Oxygen treatment for acute severe asthmaBMJ 2001; 323 doi: https://doi.org/10.1136/bmj.323.7320.1069 (Published 03 November 2001) Cite this as: BMJ 2001;323:1069
Home oxygenation would be more effective
- Yasuharu Tokuda (firstname.lastname@example.org), attending physician,
- Seishiro Miyagi, chairman
- Department of Medicine, Okinawa Chubu Hospital, Gushikawa City, Okinawa 904-2293, Japan
- Emergency Department, Hospital Central de las FF.AA, Av 8 de Octubre 3020, Montevideo 11600, Uruguay
EDITOR—Inwald et al in their article report that the use of oxygen in general practice may result in decreased asthma mortality because progressive hypoxaemia is probably an important cause of death, and oxygen should be the first treatment given to any patient with acute severe asthma.1 There is, however, another measure to implement a similar intervention policy for more specific groups at high risk of death from asthma.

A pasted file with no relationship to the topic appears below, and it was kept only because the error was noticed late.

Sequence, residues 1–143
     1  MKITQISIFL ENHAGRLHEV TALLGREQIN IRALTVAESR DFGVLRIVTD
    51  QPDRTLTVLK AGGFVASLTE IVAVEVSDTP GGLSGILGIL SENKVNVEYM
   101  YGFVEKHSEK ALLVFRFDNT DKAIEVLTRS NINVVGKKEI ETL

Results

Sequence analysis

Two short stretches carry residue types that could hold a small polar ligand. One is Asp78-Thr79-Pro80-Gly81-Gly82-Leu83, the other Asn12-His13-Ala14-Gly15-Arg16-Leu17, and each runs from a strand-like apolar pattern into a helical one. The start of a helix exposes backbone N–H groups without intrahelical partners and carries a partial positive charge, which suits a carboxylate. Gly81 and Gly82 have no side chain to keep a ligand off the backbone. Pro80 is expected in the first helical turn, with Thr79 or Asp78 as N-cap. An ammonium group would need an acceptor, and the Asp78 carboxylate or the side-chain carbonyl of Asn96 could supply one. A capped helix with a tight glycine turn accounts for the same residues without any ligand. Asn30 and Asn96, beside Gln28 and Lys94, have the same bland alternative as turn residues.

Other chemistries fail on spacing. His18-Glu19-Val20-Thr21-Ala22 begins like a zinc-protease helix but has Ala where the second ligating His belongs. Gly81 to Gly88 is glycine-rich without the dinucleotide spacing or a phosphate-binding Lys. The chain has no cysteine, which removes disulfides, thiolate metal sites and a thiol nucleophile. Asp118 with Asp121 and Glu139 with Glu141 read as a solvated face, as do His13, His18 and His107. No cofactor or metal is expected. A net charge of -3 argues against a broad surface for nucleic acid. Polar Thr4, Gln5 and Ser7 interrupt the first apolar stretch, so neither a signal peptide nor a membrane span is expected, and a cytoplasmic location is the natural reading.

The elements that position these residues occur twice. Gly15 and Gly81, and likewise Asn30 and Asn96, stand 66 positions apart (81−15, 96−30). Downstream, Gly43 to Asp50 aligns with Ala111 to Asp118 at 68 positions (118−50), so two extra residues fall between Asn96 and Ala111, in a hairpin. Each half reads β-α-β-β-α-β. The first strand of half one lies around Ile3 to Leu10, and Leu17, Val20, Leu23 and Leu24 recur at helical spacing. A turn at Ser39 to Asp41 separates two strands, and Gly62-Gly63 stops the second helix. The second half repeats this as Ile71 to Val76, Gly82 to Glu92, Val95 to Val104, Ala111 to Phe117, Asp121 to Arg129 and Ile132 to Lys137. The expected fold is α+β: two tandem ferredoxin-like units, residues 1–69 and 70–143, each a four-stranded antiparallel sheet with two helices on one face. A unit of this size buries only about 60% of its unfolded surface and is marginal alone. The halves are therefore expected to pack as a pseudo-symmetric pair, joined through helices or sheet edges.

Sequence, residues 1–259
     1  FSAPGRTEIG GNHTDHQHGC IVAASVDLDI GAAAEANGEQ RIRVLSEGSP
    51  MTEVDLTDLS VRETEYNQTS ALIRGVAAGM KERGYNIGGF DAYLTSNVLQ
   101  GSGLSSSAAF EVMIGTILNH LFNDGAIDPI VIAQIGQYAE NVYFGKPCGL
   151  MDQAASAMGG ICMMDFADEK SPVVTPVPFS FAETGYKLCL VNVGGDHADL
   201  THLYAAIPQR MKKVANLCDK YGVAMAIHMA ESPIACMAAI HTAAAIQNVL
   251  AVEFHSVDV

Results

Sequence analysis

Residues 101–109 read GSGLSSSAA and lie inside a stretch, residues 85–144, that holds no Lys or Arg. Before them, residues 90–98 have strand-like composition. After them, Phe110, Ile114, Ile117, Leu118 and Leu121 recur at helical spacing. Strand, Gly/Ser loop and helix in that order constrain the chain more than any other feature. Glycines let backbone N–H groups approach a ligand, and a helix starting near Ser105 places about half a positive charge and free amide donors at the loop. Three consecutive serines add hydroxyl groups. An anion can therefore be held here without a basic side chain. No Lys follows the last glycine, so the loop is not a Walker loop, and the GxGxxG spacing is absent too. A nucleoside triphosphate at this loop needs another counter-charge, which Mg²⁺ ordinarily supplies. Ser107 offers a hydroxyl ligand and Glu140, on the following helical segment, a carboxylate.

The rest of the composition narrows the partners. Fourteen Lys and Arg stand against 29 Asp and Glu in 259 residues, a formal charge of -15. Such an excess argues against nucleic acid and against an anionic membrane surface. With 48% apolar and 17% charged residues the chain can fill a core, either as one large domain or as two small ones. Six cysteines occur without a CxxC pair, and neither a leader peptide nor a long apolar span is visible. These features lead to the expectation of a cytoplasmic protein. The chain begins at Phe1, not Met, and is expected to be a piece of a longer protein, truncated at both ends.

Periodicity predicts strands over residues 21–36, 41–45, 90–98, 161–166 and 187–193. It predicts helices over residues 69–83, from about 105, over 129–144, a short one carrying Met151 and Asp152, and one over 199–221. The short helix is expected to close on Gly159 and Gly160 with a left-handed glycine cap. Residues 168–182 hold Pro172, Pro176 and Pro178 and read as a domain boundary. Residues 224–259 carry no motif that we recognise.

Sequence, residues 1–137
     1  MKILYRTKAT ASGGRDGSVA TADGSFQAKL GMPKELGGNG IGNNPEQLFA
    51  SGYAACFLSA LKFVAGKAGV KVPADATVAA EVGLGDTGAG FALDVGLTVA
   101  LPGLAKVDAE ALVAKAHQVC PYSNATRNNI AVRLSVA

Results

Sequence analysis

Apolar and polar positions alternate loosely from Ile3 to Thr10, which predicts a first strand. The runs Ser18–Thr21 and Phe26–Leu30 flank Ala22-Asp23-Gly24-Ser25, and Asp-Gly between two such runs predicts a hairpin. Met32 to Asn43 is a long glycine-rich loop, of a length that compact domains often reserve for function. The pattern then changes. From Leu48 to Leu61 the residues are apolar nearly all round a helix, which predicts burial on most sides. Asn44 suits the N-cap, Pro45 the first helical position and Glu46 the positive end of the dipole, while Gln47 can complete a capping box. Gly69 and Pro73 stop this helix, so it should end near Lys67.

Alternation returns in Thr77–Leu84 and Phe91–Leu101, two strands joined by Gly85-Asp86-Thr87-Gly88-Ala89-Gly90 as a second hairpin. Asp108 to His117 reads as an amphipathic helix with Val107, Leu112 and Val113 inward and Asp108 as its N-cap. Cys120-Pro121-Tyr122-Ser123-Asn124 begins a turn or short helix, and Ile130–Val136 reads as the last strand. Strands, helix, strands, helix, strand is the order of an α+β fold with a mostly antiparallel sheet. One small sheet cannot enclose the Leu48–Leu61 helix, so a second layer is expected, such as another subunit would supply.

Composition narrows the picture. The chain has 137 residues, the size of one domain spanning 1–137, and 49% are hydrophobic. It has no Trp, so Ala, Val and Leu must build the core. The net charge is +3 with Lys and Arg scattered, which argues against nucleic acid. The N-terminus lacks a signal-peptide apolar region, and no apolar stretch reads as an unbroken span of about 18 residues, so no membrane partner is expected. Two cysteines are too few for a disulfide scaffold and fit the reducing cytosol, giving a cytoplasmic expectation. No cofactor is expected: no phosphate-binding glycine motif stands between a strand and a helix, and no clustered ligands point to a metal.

Since the patients with even a single episode requiring intubation for severe asthma are at very high risk of recurring life threatening attacks and death, and since most asthma deaths take place at home, a trial of providing oxygen at home for emergency use for possible severe attacks in this …